The holiday season is approaching, and with it, the busiest time of the year for shoppers as they search for the perfect gifts for their loved ones. But instead of purchasing the latest toy or electronic gadget for your children or grandchildren, what about giving them the gift of a more secure future? Roger Michaud, senior vice president and director of sales for Franklin Templeton’s 529 College Savings Plan, discusses how crowdfunding can help finance a college education—a gift that can keep giving for a lifetime.
Recently, I was struck by two very different articles—one about holiday gift-giving and the other about student debt. However, as I read them, I realized how intertwined they really are. Let me explain. Each holiday season, I find myself researching “best gift ideas for…” and come up with the same old lists. I even try different ways to search: “non-toy gifts,” “meaningful gifts” or “best-uncle-ever gifts.”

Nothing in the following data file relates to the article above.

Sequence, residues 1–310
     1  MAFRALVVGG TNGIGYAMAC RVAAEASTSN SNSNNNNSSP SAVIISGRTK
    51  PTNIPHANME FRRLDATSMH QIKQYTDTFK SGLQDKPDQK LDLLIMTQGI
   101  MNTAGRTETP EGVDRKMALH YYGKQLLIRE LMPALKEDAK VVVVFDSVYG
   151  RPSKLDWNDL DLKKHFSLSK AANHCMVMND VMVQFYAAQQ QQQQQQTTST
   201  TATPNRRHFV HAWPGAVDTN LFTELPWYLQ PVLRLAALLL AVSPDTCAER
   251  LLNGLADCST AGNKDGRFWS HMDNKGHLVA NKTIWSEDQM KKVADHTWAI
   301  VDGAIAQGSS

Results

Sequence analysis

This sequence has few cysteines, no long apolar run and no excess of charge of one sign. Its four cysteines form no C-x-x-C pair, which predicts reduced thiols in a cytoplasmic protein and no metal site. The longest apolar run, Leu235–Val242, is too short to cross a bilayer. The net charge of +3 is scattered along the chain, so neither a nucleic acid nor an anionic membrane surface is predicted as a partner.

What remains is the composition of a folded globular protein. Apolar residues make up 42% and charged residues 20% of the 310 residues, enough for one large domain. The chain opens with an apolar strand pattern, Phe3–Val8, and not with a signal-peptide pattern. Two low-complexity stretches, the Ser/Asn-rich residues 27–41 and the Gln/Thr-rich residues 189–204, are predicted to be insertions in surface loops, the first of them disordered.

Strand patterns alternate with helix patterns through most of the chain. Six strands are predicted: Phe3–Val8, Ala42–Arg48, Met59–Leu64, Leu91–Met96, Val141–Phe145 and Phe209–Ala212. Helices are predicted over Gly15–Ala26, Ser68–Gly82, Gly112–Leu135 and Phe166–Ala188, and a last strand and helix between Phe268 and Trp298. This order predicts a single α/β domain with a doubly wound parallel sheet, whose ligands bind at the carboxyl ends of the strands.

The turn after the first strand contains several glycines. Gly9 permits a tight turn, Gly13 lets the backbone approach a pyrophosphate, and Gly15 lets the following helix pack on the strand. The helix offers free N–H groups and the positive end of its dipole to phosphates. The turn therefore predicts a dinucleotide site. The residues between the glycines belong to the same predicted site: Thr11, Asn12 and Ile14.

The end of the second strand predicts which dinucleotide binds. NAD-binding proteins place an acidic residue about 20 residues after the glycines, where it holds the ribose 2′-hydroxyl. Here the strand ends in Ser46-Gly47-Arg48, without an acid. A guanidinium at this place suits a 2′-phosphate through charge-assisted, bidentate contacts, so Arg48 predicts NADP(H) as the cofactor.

This year, I happened upon a study from the Journal of Infant Behavior and Development1 that found toddlers with fewer toys were more creative and focused. Even those “educational” toys?
That got me thinking about 529 plans and how they are a unique, meaningful gift that will eventually contribute to my family’s learning. I also started thinking about the rise in student debt and how helping save for education could help my nieces avoid a large amount of debt later.
Even if you don’t have children, you probably have already heard the staggering statistics about student debt in this country. As of the second quarter of 2018, there was more than $1.5 trillion in student loan debt outstanding, triple that of 2001.2 Various estimates show the average student loan is now more than $30,000 at graduation—quite an amount to face as one starts his or her career.
Many individuals still saddled with debt years after graduation are putting off events like getting married, buying a home or having children of their own because of it.
Despite this mounting debt burden, according to the College Savings Foundation’s 12th Annual State of College Savings Survey, more than half (57%) of parents surveyed plan to borrow to pay for their children’s college, with 62% of them borrowing primarily through education loans, and 18% through credit cards or a credit line cash advance.3